Friday, March 24, 2006

Nothing Sacred Follow-Up Segment

Yesterday I posted about the proactive arrests of fellow imbibers made recently in Irving, Texas and Scott suggested I keep an eye on the story and see what else develops. While I am at a loss on how to go about doing this without spending too much time or money on this, I did do a little more looking into the background on this.

The first (I keep typing Frist instead of first, clearly I have politics on the mind too oft of late) thing I came across was this Reuters piece on MSNBC which I found through the Crime and Punishment section but the article itself seems to be in the peculiar postings section.
Texas arresting people in bars for being drunk
Undercover agents pursue inebriates in a pre-emptive strategy

SAN ANTONIO, Texas [which is nowhere near Irving, where the pre-emptive strategery took place, and is not Austin where the TABC, the nefarious commission behind the strategery, is based] – Texas has begun sending undercover agents into bars to arrest drinkers for being drunk, a spokeswoman for the Texas Alcoholic Beverage Comission said on Wednesday.

The first sting operation was conducted recently in a Dallas suburb where agents infiltrated 36 bars and arrested 30 people for public intoxication, said the comission’s Carolyn Beck.
Now here I would like to take a short break from transcribing the entire article (it is a short piece) to kick the writer of this article around. Read that sentence again paying particular attention to the “…where agents INFILTRATED 36 bars…” I don’t know about the rest of you, but the last time I had to infiltrate a bar was…no, wait, never in my life have I had to infiltrate a bar. I think it is clear that the nameless Reuters wire-monkey who wrote this piece has been watching a bit too much of the Mission Impossible lately. Seriously NRWM why must you make it sound so much more epic than a couple of guys who were probably in slightly better shape than 50% of the bar patrons walk into the bar and arrest some people for being drunk. That’s what happened. There was no Iron Curtain they had to piece, no great secret cabal to track down, and there were no secret police after them for they were the secret police. Using NRWM’s definition I have been infiltrating my underpants for years. Make of that what you will. Now back to the article.
Being in a bar does not exempt one from the state laws against public drunkenness, Beck said. [I find this somewhat ironic coming from a rocker-type…oh wait, they mean Carolyn.]

The goal, she said, was to detain drunks before they leave a bar and go do something dangerous like drive a car.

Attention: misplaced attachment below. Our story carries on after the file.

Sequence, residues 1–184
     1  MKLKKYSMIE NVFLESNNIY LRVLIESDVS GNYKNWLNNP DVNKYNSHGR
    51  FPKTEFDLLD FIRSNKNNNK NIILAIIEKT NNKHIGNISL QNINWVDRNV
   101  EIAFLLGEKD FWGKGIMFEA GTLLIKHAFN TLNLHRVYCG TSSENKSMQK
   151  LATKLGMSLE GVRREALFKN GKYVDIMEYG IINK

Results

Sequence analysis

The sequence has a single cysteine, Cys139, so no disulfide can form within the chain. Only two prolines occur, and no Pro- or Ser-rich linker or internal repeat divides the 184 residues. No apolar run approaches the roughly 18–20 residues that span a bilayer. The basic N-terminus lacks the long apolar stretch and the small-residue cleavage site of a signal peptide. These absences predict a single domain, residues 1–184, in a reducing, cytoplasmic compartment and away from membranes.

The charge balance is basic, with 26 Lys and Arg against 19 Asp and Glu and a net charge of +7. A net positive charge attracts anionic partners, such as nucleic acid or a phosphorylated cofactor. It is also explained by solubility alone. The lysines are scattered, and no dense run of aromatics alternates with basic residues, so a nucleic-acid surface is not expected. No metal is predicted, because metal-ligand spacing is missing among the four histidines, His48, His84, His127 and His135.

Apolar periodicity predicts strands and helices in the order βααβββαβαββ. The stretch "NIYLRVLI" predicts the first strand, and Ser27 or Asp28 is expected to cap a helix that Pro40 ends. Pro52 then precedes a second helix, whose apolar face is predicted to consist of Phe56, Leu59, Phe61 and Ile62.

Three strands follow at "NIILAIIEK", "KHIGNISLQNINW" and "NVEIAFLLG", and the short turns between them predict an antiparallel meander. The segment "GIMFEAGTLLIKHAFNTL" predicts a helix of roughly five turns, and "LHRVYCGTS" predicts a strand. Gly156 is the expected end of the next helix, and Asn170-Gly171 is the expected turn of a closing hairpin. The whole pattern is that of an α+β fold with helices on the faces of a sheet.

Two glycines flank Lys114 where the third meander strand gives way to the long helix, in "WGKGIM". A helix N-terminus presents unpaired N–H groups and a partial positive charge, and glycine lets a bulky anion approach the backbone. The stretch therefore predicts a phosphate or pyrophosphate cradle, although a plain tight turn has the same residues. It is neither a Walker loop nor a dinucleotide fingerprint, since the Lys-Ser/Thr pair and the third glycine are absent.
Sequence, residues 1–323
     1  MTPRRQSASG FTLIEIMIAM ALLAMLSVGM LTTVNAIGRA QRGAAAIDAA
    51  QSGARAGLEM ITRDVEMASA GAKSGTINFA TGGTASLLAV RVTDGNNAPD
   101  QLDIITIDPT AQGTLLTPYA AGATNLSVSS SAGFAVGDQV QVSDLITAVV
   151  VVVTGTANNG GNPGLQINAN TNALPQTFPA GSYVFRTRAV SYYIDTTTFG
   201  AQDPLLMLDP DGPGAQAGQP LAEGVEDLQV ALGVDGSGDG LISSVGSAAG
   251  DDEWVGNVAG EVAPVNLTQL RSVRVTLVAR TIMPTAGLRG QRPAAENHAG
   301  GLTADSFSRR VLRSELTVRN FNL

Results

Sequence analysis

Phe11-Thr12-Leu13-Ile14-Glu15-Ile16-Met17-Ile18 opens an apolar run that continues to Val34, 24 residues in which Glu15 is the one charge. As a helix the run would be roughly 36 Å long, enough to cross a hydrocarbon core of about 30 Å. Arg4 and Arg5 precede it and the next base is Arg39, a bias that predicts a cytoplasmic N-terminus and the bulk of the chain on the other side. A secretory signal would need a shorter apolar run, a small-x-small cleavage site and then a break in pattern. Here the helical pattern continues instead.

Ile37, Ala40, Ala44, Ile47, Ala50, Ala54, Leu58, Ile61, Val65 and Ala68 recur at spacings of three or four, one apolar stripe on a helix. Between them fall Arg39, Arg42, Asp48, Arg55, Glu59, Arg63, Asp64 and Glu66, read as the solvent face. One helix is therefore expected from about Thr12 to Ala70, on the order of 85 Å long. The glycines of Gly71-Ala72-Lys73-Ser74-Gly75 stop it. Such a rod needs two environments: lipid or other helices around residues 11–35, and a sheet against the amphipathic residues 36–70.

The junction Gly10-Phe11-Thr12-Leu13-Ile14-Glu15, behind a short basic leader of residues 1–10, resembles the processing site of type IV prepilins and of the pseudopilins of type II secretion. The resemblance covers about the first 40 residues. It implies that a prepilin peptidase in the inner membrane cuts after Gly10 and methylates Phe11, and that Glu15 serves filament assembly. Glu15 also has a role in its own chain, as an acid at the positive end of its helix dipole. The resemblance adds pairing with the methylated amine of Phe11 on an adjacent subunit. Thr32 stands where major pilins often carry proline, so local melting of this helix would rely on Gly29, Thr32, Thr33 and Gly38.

“We feel that the only way we’re going to get at the drunk driving problem and the problem of people hurting each other while drunk is by crackdowns like this,” she said.

“There are a lot of dangerous and stupid things people do when they’re intoxicated, other than get behind the wheel of a car [like let Scott order drinks for them],” Beck said. “People walk out into traffic and get run over, people jump off of balconies trying to reach a swimming pool and miss.”

She said the sting operations would continue throughout the state.
Another brief bit of invective for you before we move on. “…people jump off of balconies trying to reach a swimming pool and miss.” Ms. Beck people do that kind of crap stone cold sober. Stick to the drunk driving defense because if you’re going to spend your time trying to keep people from doing stupid things you, let’s just say you have a bit of an up-hill battle.

In all seriousness I liked this piece. It put a face on the sting operation and served notice to all us unrepentant drunkards that they will be infiltrating our local watering holes any day now. Also MSNBC had one of their intsa-polls in which they had received 38,270 responses. The question asked was “Does it make sense to arrest people for being drunk in bars?” 83% of the respondants chose the option that states, “No, people go to bars to drink, and if they get drunk but stay safe, it should be OK.”

After this I swung on by the TABC website to see if I could find the chapter and verse on public intoxication and related subjects. I was not able to find the legal definition of public intoxication on the TABC site, however I did find a PDF containing the TABC code, which some of you might find interesting, so I linked it here. I also stumbled across the TABC press release announcing this new strategy, or rather Sales to Intoxicated Persons stings. The following section appears in the press release:
Myths About Public Intoxication
  • A person can’t be in a bar or nightclub for public intoxication. Yes they can.
  • If a person is arrested for public intoxication, the officer has to offer them either a breath or blood test to determine their level of intoxication. No they do not. Agents may conduct routine field sobriety tests, but breath or blood samples are not required.